As early as the 8th Century, opium began in Asian countries such as China, Vietnam, Myanmar and Malaysia. In the 16th Century, European merchants discovered the commercial appeal of opium, and began distributing it throughout the continent. Although historically opiate abuse was a minor problem throughout this area, drug use in urban areas has been rising since the 1960’s to today. Recent open door policies for international trade have also increased the use and availability of illicit drugs, especially powerful opiates like morphine. According to the Burnet Institute’s Centre for Harm Reduction and Turning Point Alcohol and Drug Centre, Asian nations reported more than 12 million drug users throughout the region since 2005. This is a dangerous problem that requires professional treatment to overcome.
The Burnets Institute’s Study indicates that morphine abuse may have increased recently due to the following reasons:
Because of these reasons, Asians may more readily abuse morphine than ever before.
Opium smoking has long been an issue for Asian males, but recently the number of female drug users has been rising. This increase in drug use among women has been particularly associated with the sex trade in parts of China and Vietnam, and it is more highly stigmatized than male drug use in Asian nations. Additionally, illicit drug use is most common among young adults aged 20 to 35, but drug-use trends show an increase in the younger population, while the age of initial use continuing to drop. In other words, younger people are using drugs more and more, and they are using drugs at earlier ages than ever before. What is perhaps most alarming is that these increases are being seen in all socio-economic areas.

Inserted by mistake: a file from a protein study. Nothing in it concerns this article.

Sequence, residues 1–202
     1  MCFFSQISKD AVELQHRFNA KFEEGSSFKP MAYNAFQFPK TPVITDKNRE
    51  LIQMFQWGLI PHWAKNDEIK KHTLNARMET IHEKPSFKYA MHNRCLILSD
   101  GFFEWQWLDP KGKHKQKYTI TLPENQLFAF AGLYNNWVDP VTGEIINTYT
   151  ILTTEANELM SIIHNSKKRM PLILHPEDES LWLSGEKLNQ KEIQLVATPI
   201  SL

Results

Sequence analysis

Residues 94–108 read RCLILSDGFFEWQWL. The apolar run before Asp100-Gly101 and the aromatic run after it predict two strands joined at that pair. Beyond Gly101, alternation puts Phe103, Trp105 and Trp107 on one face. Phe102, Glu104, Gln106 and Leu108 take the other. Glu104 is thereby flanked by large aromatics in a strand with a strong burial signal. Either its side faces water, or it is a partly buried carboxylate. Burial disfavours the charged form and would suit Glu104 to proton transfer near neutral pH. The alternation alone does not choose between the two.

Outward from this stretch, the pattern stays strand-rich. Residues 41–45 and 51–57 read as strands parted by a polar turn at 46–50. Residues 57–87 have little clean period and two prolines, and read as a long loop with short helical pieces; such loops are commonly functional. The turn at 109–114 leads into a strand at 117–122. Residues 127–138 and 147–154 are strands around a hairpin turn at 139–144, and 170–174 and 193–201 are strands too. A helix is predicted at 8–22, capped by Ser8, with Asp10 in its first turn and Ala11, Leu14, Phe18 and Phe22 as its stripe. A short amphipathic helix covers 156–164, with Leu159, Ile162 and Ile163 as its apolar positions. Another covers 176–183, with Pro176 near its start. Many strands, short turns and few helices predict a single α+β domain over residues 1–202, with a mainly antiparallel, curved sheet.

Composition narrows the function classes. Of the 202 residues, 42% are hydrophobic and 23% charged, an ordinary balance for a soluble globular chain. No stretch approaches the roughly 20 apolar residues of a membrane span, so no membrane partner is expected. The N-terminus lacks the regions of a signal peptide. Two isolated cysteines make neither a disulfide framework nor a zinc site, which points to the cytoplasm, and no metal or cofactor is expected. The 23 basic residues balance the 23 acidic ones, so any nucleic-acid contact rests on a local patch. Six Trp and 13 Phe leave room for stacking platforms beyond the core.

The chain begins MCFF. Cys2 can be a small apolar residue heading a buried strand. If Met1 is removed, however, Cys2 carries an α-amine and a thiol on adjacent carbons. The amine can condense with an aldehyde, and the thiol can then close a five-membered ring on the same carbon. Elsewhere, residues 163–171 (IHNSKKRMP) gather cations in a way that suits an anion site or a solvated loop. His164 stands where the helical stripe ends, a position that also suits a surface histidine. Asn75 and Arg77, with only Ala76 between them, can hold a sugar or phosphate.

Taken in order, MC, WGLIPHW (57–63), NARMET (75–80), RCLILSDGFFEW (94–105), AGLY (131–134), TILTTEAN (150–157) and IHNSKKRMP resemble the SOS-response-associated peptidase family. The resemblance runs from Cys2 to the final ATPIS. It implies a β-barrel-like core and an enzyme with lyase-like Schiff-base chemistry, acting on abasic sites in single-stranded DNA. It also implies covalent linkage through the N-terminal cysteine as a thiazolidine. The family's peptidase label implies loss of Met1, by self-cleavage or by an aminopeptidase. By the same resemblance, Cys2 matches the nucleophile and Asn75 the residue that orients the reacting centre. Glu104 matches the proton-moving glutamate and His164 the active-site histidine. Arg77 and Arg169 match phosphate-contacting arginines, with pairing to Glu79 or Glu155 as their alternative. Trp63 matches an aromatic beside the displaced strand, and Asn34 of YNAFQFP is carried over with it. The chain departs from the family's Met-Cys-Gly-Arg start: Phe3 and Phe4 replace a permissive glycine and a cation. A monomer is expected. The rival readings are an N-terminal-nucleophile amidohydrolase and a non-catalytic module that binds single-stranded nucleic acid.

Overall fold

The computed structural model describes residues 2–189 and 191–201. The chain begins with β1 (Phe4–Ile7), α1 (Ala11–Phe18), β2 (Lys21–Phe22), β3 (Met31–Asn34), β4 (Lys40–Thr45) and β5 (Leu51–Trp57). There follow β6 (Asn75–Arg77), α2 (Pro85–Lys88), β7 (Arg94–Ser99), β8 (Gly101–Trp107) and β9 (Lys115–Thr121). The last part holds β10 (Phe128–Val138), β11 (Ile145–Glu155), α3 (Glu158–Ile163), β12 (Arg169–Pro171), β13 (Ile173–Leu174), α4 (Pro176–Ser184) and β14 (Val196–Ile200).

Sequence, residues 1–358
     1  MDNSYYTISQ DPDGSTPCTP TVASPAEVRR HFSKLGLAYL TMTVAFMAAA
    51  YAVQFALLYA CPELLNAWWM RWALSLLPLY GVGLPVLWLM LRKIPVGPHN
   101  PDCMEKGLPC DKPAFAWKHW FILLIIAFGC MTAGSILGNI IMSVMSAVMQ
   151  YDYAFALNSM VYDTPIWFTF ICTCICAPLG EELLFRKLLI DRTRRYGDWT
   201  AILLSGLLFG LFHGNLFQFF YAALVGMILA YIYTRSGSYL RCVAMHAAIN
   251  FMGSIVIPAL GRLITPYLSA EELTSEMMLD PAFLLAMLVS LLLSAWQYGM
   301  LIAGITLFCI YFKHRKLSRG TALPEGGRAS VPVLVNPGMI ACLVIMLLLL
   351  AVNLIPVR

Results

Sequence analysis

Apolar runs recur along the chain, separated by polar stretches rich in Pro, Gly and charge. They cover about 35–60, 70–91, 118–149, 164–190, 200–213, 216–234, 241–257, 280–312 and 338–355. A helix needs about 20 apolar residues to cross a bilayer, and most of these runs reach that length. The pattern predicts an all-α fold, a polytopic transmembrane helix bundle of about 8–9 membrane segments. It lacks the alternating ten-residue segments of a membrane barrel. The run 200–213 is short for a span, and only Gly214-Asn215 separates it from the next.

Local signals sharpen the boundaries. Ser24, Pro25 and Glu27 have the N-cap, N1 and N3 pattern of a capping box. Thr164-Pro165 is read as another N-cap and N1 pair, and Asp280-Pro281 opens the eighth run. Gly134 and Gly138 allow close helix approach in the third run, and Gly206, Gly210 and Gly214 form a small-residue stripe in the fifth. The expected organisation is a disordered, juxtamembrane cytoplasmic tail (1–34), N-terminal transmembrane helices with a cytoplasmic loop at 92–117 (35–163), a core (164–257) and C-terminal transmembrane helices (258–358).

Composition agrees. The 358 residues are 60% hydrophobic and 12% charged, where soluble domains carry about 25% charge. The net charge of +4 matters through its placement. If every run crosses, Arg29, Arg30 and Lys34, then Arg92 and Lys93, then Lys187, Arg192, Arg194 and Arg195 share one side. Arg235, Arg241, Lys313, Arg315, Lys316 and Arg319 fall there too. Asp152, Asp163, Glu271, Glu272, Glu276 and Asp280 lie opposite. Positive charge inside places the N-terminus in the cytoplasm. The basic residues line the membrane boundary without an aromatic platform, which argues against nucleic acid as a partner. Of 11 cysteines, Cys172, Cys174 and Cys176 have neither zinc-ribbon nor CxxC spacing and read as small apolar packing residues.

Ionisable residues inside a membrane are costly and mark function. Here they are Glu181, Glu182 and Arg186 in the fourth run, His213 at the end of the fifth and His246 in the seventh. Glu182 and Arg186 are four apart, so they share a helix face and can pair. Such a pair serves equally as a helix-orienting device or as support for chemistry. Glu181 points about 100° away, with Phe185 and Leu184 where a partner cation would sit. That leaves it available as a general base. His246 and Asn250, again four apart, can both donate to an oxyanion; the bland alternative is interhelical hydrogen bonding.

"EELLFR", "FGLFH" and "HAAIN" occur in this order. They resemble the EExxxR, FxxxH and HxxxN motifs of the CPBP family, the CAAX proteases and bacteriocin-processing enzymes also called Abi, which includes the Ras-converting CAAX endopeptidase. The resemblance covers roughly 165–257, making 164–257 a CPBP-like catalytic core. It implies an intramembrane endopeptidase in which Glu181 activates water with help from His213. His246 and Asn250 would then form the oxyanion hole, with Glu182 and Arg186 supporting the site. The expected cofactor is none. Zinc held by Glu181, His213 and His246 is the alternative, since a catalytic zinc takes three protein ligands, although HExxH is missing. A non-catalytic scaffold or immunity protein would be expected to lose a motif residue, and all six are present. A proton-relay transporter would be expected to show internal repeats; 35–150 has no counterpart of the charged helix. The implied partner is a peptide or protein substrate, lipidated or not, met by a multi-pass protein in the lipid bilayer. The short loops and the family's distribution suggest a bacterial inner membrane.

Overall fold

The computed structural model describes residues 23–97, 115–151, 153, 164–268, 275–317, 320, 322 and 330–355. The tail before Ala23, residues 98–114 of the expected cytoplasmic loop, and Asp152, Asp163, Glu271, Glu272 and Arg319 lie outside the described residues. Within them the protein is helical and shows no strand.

Although Asian governments usually dealt with illicit drug use by reducing the supply and demand through law enforcement, currently they also reduce the harm of drug abuse. Treatment approaches in Asian countries now include medically-supervised detox, therapeutic communities and residential dependency programs, so they are helping addicts while they also limit the supply. Some countries also include drug treatment programs in correctional institutions. The Asian medical and governmental communities continue to make advances in identifying and treating drug abuse, so recovery is becoming increasingly more possible.
If you or a loved one struggles with morphine addiction, know that we are here to help. Call our toll-free, 24 hour helpline anytime to speak with an admissions coordinator. They are ready to answer your questions about addiction and to help you find the right treatment program for you unique situation.